McCain presided over a $1,000-a-ticket fund-raiser in Sugar Grove, Ill., for conservative dairy magnate Jim Oberweis. Although Hastert carried the district easily, Republican nominee Oberweis faces a serious battle against liberal Democratic physicist-businessman Bill Foster. Oberweis lost previous primary bids for governor and the U.S. Senate.
In April 2001, then-Speaker Hastert attacked McCain for a letter he sent Republican House members for whom he had campaigned. McCain urged them to vote for the McCain-Feingold campaign finance bill in what Hastert called "a threat." McCain was reluctant to help foes of his bill in future elections.
Sen. Ted Stevens, the senior Senate Republican who is under federal investigation and press inquiry for his earmark practices, used his monthly newsletter this week to attack fellow Republican and anti-earmark nemesis Sen. Tom Coburn.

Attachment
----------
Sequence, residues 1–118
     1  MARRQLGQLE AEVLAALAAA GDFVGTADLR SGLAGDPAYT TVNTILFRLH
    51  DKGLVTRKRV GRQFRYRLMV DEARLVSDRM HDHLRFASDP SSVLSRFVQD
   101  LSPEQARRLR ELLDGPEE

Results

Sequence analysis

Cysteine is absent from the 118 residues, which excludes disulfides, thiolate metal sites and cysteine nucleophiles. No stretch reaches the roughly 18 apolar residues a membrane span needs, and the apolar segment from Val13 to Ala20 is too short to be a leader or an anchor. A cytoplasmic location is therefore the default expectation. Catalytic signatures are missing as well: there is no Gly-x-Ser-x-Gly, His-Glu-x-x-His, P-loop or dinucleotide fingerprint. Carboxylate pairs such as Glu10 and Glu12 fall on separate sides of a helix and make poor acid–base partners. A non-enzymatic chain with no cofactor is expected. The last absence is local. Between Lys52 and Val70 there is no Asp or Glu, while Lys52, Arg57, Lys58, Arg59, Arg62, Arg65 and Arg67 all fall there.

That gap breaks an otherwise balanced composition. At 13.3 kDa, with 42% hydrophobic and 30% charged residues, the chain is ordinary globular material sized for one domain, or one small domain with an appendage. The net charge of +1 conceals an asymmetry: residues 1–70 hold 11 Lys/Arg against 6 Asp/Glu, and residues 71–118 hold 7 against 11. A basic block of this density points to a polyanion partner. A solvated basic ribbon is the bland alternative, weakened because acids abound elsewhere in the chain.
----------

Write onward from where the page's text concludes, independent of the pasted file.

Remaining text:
Stevens contended Coburn's attack on the famous Stevens earmark funding the "bridge to nowhere" in his home state of Alaska was "strictly for publicity." Stevens charged Coburn "wanted to make a name for himself."
A footnote: The Stevens newsletter also defends his Alaska earmarks, including a Defense Department appropriation for research into hibernation genomics of Alaskan ground squirrels. Martha Stewart, the University of Alaska's federal lobbyist, is quoted as saying: "We have a number of ground squirrels that are in various stages of hibernation in Fairbanks."